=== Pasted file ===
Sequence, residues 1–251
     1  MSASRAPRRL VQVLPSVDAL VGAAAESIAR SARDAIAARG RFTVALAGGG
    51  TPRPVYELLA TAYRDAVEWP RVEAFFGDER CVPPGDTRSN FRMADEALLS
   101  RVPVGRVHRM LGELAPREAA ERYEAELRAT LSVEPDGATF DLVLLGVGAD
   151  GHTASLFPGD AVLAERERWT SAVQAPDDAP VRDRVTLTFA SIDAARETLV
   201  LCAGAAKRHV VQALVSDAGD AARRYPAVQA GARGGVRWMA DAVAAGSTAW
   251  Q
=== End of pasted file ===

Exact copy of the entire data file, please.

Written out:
Sequence, residues 1–251
     1  MSASRAPRRL VQVLPSVDAL VGAAAESIAR SARDAIAARG RFTVALAGGG
    51  TPRPVYELLA TAYRDAVEWP RVEAFFGDER CVPPGDTRSN FRMADEALLS
   101  RVPVGRVHRM LGELAPREAA ERYEAELRAT LSVEPDGATF DLVLLGVGAD
   151  GHTASLFPGD AVLAERERWT SAVQAPDDAP VRDRVTLTFA SIDAARETLV
   201  LCAGAAKRHV VQALVSDAGD AARRYPAVQA GARGGVRWMA DAVAAGSTAW
   251  Q